Two Samoas To Celebrate UNESCO’s International Jazz Day

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Am. Samoa considered ‘birthplace of jazz in the Pacific’

APIA, Samoa (Talamua, April 30, 2015) – Samoa today joined for the first time almost 200 countries world-wide, in celebrating April 30 as the UNESCO International Jazz Day. But as there are two Samoas and on two different time zones, the day will be celebrated twice – first in Samoa – then the tomorrow in American Samoa.

The celebrations have been made through the Samoana Jazz and Arts Festival where Samoa’s Jazz Story was told during a Lunchtime Seminar at the National University of Samoa and a wide array of performances to celebrate the spirit of the day at Sails Restaurant, Mulinu’u.

In November 2011, the United Nations Educational, Scientific and Cultural Organization (UNESCO) officially designated April 30as International Jazz Day in order to highlight jazz and its diplomatic role of uniting people in all corners of the globe. International Jazz Day is chaired and led by Irina Bokova, UNESCO Director General, and legendary jazz pianist and composer Herbie Hancock, who serves as a UNESCO Ambassador for Intercultural Dialogue and Chairman of the Thelonious Monk Institute of Jazz. The Institute is the lead nonprofit organization charged with planning, promoting and producing this annual celebration.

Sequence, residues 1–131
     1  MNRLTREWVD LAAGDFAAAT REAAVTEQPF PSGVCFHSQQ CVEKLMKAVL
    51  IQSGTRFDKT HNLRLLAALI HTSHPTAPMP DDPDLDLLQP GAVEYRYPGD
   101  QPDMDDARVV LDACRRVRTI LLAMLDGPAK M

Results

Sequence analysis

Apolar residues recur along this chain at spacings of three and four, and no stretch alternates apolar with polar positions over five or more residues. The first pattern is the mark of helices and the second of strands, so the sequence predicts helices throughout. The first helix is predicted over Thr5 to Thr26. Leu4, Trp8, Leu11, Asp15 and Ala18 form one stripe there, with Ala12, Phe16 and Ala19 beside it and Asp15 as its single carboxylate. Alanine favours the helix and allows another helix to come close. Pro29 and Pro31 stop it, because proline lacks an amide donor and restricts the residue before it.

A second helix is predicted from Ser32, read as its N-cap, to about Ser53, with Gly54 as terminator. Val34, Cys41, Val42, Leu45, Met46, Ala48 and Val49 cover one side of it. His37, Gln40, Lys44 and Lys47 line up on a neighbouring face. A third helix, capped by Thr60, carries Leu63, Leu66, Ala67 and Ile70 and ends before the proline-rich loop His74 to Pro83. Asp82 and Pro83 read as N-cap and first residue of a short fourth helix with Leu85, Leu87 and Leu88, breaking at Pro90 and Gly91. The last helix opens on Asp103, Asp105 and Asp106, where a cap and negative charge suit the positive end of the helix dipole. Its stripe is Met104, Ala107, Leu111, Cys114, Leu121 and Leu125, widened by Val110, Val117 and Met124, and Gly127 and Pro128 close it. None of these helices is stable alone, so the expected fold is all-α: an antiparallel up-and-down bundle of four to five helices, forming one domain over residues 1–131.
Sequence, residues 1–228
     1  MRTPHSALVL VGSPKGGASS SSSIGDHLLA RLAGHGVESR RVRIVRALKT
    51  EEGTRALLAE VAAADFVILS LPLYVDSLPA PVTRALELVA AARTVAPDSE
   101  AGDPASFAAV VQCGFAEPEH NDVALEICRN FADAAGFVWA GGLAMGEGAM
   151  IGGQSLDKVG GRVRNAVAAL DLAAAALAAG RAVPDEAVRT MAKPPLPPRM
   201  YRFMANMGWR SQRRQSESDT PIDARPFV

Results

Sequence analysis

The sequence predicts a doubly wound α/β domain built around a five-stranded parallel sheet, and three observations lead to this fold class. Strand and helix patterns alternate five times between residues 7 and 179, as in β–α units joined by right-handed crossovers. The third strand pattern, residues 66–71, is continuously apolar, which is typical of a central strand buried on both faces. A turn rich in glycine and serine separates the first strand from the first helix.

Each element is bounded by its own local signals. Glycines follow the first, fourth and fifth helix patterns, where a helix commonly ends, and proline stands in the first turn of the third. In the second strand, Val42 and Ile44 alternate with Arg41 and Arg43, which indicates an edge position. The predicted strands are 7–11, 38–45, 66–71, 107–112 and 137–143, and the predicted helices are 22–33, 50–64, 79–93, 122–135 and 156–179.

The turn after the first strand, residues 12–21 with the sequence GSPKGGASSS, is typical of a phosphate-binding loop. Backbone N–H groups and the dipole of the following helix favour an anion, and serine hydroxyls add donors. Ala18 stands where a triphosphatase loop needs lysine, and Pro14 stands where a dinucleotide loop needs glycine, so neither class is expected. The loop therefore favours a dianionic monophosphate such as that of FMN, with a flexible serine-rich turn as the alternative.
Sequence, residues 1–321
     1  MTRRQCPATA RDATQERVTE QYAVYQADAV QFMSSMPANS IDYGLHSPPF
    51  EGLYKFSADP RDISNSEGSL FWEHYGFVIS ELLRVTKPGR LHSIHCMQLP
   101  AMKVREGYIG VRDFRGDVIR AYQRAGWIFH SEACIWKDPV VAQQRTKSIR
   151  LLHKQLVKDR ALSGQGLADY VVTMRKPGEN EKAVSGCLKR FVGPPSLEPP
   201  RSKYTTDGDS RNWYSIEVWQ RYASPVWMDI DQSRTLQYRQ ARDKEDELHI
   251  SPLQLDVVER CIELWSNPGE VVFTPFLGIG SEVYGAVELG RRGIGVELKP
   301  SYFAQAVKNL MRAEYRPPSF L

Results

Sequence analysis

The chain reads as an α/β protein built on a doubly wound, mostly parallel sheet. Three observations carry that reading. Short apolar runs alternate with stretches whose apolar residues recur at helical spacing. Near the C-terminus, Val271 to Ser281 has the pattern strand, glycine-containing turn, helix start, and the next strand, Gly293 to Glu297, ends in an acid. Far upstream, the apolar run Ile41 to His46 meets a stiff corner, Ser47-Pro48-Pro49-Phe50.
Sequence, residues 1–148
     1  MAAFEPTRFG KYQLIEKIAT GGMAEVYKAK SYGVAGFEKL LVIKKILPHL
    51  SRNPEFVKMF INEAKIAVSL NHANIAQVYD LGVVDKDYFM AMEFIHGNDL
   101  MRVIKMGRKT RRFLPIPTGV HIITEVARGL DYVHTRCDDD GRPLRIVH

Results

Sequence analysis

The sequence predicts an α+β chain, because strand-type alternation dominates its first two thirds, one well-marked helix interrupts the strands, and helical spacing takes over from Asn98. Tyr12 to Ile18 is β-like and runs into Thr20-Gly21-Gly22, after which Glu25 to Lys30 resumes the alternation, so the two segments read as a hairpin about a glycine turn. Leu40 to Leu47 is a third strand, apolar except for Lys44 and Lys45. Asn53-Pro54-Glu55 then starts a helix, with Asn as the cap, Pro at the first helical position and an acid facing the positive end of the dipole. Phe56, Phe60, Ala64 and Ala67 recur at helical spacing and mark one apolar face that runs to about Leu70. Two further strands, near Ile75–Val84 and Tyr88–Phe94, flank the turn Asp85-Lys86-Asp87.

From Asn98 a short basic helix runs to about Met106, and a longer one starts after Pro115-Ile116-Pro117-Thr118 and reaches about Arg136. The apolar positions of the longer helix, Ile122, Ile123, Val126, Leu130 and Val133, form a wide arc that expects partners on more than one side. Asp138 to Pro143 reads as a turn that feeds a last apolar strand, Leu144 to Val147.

International Jazz Day brings together communities, schools, artists, historians, academics, and jazz enthusiasts all over the world to celebrate and learn about jazz and its roots, future and impact; raise awareness of the need for intercultural dialogue and mutual understanding; and reinforce international cooperation and communication. Each year on April 30, this international art form is recognized for promoting peace, dialogue among cultures, diversity, and respect for human rights and human dignity; eradicating discrimination; promoting freedom of expression; fostering gender equality; and reinforcing the role of youth in enacting social change.

Samoana Jazz & Arts Festival, an annual international festival of 2SAMOAS and inaugurated in 2014 was designed as a united Samoa platform of music and the arts. It recognizes the role of culture and identity Samoa’s people, culture, environment and offerings – and how these elements combined gives a 2SAMOA point of difference – an edge and an opening for innovation.

American Samoa – the birthplace of JAZZ in the Pacific region

The participation of Samoana in the UN International Jazz Day is significant – American Samoa is the southern-most border of the United States making it the birthplace of Jazz in the Pacific region. The international jazz day provides a first real opportunity in this context to highlight Samoa’s own Jazz history – which began at a significant era in the history of the world – during WW2 when the 2SAMOAs became the station and largest military base in the Pacific of the United States.

Samoa’s first Jazz singer Mavis Rivers (1929-1992) became a featured name during this period as she sang the songs of the period for the thousands of homesick soldiers stationed in the Islands –

The Tale of 2SAMOAS is the untold Jazz story to be presented at seminars planned for the National University of Samoa, the American Samoa Department of Education Music and Arts Curriculum teachers, and for teachers and staff at the American Samoa Community College.

A Jazz Concert Thursday evening at 7pm Sails Restaurant in Apia will feature musicians, teachers and students and a Musicians Jazz Jam will be held at TOA’s in American Samoa.

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